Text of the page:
Keith

 

This is absolutly true, you can feel it as your cornering, but it leaves me with a conundrum:

 

This principle works great on the road, you can decelerate up to the corner, tip in and get back on the gas fine, but it's racing that drives me at the moment.

 

When approaching a corner from a straight, I'd be braking and downshifting, then easing off the brakes as I lean it in (still braking hard) and getting on the gas just before my max. lean angle for that particular corner. But adding braking forces and cornering forces to the suspension during the initial turning/steering movement and then trying to get the suspension back inside it's most compliant area is the challenge. I feel that it takes a while to do, too long, as the bike starts to feel loose/ragged and wobbles around. A very unsettling feeling. If only it didn't do that!

 

I keep thinking that I must be doing something wrong, but then I see the Pro's at the same corner and they also get a noticable wobble as they get on the gas. Is it normal to do this or is there a smoother way, without sacrificing on speed/time through a turn?

 

Andy C

Link to comment
Share on other sites

Throttle before releasing the brakes(really this shouldn't be a release/apply like off/on but a relative ventre wherin the operator inputs throttle equated to/and relative but more than the brake release, if done correctly very smooth). I say throttle then release because working both controls at the same time properly is very hard. Either way helps help it keeps swing arm neutral. You know you could just not trail brake.

Link to comment
Share on other sites

Like most things, the brake release and the throttle application take co-ordination and drilling to get them in perfect harmony.

 

Just keep it simple, it isn't necessary to invent new procedures and add extra actions at a time when your attention is stretched out as thin as it is at the entry to turns. It will only create more busy work.

 

Whether braking straight up or leaned over, the release of the lever will determine if the transition is clean and smooth or not.

 

An abrupt release will get the suspension moving around more than it should be, that is distracting.

If the brake is release clean there should not be any upsetting movement from the chassis--done poorly, there will be and that can be distracting.

 

Getting your right wrist to co-operate and get the throttle on AFTER your lean angle is set is the only way to guarantee a stable motorcycle. That lag is what you need to handle. Half a second isn't long on a stop watch but it is 44 feet at 60 mph. That is 6 bike lengths!

 

Getting the bike full on quick flicked, really snapped into the turn, can be done with no chassis upsets of any kind. You do not have to invent new stuff or be world champion to do this.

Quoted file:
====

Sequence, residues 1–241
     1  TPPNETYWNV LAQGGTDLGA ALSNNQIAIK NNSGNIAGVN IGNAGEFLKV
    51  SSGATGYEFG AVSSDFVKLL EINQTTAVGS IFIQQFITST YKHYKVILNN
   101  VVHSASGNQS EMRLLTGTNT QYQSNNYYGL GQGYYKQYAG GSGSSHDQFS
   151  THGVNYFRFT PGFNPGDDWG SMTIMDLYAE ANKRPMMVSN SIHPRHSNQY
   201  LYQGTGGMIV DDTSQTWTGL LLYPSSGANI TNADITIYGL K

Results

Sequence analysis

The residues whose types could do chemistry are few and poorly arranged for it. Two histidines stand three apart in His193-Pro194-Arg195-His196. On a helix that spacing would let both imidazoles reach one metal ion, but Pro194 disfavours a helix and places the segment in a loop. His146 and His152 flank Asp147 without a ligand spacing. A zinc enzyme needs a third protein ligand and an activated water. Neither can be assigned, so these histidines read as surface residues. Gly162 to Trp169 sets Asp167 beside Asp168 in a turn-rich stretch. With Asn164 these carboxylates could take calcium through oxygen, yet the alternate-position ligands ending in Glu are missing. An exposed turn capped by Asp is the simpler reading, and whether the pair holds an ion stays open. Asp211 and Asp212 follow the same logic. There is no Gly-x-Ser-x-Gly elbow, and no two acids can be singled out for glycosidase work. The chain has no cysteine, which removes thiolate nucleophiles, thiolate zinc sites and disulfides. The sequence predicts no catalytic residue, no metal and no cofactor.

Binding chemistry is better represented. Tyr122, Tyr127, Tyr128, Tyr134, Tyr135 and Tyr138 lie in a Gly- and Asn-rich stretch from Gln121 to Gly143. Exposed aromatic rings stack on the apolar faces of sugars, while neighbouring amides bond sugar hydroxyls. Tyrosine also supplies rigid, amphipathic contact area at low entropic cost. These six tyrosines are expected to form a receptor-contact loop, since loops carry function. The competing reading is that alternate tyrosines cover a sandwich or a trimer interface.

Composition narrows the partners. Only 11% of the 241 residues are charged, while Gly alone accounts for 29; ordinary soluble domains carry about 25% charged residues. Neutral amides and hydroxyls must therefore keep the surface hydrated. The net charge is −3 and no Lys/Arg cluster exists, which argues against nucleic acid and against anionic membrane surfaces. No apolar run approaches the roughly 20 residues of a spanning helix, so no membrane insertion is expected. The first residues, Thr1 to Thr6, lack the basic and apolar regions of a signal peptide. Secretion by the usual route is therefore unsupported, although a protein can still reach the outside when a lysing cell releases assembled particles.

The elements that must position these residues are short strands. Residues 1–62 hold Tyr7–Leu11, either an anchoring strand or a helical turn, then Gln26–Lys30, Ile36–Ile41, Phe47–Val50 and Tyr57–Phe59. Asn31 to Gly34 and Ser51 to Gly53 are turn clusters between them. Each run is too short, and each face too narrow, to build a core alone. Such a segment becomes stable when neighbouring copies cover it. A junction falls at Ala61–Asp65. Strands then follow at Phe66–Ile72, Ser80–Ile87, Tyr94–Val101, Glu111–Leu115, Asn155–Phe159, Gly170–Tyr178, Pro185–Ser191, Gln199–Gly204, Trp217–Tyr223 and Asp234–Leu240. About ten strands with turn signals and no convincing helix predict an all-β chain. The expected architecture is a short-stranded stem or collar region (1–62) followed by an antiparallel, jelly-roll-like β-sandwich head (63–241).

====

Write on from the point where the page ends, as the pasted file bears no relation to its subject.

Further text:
You do have to pay attention to your brake release and throttle application and once they are in harmony it will work for you.

 

There are some other factors to this but, on a bike that is basically set up OK, these are the two that make the big difference.

 

Keith

Link to comment
Share on other sites

  • 2 weeks later...

Hi Sean,

 

I can completly relate to your feeling about max lean angle.

I was almost obsessed about getting my knee down for years.

In my opinion the best approach is this

 

1) Complete Level 1 of the school. if you havent already

2) Find a safe place to practice. Ideally a car park ( parking lot ?) thats not used on weekends,

like in an industrial estate. What you're looking for is a ONE turn that you practice at about 20-30mph.

3) practice the techniques from level 1 at COMFORTABLE pace and lean

 

4) After about 80 or 90 laps you will find your confidence increasing, and you can gradually increase your speed, lean angle and lean rate !

 

I did this last year after level 2 and dropped my lap times by 20 seconds !!!

 

another of Keiths tips I found usefull is if you circulate without using the brakes.

 

Finally this is only my personal opinion but if you hang off the bike you feel closer to the gound

so you dont "fall " as much with higher lean angles,

 

hope this helps

 

John.

Link to comment
Share on other sites

Join the conversation

You can post now and register later. If you have an account, sign in now to post with your account.

Guest
Reply to this topic...

×   Pasted as rich text.   Paste as plain text instead

  Only 75 emoji are allowed.

×   Your link has been automatically embedded.   Display as a link instead

×   Your previous content has been restored.   Clear editor

×   You cannot paste images directly. Upload or insert images from URL.

Loading...
 Share

×
×
  • Create New...